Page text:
These days Jeanine Tesori is most widely known as the composer of the Tony Award-winning musical “Fun Home.” But she first made her mark in 1997 with “Violet,” a small, haunting, emotionally power-packed show that demonstrated her gift for incorporating gospel, folk, rock and country music, as well finely tuned Broadway-style banter songs, all in the service of impassioned storytelling.
‘VIOLET’ Highly recommended When: Through Jan. 13, 2018 Where: Griffin Theatre at The Den Theatre, 1333 N. Milwaukee Tickets: $42 Info: www.griffintheatre.com Run time: 1 hour and 50 minutes, with intermission
“Violet,” with a superbly crafted libretto and lyrics by Brian Cawley (drawn from Doris Betts’ short story, ‘The Ugliest Pilgrim”), also suggested the sort of material Tesori would continue to explore in such musicals as “Caroline, or Change” and even “Shrek” — tales of outsiders and victims of prejudice in search of love, acceptance and respect.
Watching Griffin Theatre’s altogether brilliant production of “Violet,” the latest triumph of director Scott Weinstein, you might very well conclude the musical is Tesori’s finest work. It is that good. And it features a cast whose clarion voices and exceptional acting reveal its full beauty.
Set in 1964, the musical follows the hope-filled Greyhound bus journey made by Violet (played at age 25 by Nicole Laurenzi, and at age 13 by Maya Lou Hlava, with both actresses wholly transcendent). Traveling from the small mountain town of Spruce Pine, North Carolina, where she has gown up, to Tulsa, Oklahoma, Violet is on a mission — hellbent on meeting the famous televangelist preacher and faith healer she believes will restore her profoundly scarred face and, by extension, her happiness, and even her chance to become a movie star. The scar (which is not made visible), is the result of a freak accident that occurred 12 years earlier when the blade of an axe her father was using to chop wood flew off its handle and left her disfigured.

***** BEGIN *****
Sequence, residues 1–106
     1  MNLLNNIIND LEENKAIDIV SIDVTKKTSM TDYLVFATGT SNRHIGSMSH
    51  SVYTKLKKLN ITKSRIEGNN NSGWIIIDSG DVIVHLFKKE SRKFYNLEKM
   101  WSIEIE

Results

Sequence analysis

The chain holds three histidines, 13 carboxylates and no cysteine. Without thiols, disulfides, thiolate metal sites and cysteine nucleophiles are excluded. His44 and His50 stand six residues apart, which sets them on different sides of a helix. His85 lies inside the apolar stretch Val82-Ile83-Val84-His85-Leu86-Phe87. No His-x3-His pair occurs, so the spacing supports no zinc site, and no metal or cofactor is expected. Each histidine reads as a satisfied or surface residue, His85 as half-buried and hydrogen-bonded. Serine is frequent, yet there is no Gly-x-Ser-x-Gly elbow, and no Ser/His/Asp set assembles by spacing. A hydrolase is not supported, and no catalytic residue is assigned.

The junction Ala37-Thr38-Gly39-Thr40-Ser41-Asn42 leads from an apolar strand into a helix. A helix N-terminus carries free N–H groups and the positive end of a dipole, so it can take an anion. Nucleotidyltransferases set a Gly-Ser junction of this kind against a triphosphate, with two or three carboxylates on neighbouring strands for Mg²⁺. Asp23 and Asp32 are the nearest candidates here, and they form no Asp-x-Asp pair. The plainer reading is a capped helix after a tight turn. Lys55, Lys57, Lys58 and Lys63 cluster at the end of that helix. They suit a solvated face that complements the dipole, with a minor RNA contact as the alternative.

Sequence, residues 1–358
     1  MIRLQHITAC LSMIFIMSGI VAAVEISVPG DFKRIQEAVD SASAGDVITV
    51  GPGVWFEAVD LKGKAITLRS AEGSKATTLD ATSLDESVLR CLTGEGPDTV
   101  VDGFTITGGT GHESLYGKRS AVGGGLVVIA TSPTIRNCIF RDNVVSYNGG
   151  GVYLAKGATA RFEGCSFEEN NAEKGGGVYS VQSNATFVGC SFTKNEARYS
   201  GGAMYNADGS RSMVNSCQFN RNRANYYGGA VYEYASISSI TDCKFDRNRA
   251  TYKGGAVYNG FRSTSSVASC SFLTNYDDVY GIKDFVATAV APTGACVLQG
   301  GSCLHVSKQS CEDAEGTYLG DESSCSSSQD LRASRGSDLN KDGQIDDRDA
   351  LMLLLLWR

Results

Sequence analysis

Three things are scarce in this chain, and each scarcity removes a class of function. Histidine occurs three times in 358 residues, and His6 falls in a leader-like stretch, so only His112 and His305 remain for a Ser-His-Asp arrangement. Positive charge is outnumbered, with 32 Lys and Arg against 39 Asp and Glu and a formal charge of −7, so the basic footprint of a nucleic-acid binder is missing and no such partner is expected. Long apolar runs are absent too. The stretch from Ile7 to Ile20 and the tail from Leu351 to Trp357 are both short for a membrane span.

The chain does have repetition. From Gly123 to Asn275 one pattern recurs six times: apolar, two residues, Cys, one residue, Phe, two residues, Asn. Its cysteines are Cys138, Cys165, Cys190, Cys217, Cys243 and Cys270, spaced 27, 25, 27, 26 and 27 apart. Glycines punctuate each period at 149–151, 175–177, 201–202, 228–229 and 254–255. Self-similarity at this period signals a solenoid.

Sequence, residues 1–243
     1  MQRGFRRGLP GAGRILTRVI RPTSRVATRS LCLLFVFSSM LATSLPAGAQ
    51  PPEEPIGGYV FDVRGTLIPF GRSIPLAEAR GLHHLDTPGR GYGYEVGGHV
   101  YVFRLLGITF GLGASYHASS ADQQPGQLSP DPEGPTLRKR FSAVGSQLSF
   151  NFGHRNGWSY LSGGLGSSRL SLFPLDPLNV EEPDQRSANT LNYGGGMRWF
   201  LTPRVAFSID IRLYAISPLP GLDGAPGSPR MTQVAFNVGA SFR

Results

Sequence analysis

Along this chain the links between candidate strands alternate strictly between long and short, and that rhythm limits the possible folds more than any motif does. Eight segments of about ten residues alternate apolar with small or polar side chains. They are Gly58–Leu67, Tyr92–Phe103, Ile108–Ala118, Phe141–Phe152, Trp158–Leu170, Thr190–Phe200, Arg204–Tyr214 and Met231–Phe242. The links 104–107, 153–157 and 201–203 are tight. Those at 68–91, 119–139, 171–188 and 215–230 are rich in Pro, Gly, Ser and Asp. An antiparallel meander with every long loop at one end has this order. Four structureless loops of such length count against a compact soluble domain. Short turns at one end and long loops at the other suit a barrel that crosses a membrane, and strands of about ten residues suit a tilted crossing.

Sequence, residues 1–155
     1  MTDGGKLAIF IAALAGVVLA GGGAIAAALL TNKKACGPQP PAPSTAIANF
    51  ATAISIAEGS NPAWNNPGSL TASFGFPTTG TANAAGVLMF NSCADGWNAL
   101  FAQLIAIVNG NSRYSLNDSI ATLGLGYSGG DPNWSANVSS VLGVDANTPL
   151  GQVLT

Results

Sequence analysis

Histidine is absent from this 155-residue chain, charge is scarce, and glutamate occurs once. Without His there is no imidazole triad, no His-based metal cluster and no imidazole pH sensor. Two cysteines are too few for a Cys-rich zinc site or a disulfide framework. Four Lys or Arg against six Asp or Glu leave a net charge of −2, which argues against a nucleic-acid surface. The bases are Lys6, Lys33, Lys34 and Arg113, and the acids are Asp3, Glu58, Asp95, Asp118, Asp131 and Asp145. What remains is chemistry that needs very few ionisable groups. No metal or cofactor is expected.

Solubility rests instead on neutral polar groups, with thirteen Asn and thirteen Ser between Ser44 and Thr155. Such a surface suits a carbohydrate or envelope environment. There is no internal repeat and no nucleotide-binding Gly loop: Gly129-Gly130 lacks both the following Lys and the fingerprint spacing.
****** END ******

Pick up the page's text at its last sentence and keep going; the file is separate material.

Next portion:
At a rest stop in Tennessee, Violet encounters two soldiers — the thoughtful, sensitive black sergeant, Flick (an intriguingly understated Stephen Allen), and the cocky young white corporal, Monty (the fiery Will Lidke) — both bound for Fort Smith, Arkansas, and perhaps Vietnam. Obviously they are both aware of her scar. And the racial undertones with Flick (she had never encountered a black person in Spruce Pine) are awkward at first. But already feeling a bit adventurous, Violet asks to join their poker game and enjoys a moment of triumph, for as it happens, she had been tutored by her father — something she recalls in the brilliantly limned song, “Luck of the Draw,” performed to perfection by Violet and her dad (the formidable Matt W. Miles).
The sexual competition among the men is constantly at play. And things get particularly awkward when the three arrive for an overnight stop in Memphis and head to Beale Street for a night on the town. Violet clearly finds something compelling about Flick who understands how surfaces (his black skin, her scar) can profoundly affect one’s life. (Allen’s rendering of the show’s anthem, “Let It Sing,” nails his philosophy). Monty (who does a knockout job with “Last Time I Came to Memphis”) has a more overt sexual energy, and things happen.
But Tulsa is Violet’s ultimate goal, even if she has been warned that faith healing is pure hokum, and she continues her travels alone. To be sure, the preacher’s choir makes a mighty sound as Lula (the roof-raising LaShera Zenise Moore) joins voices with Brianna Buckley, Sarah Hayes, Nick Druzbanski, Connor Baty and Kayer for a volcanic rendering of “Raise Me Up.” But not surprisingly, the preacher (a spot-on smarmy turn by Anthony Kayer), is a total huckster. And while Violet is momentarily convinced her face has been repaired, it is her sense of self that has emerged as she has experienced the wider world and had eye-opening encounters with many people. Whether real or imagined, Violet also engages in a searing confrontation with her father who sings the brilliant “That’s What I Could Do,” a blistering explanation of how he tried his best to help her in the post-accident years.
The final moment in “Violet” (not to be disclosed) is a stunner. Suffice it to say it is a heart-stopping comment on the intersection of love and death.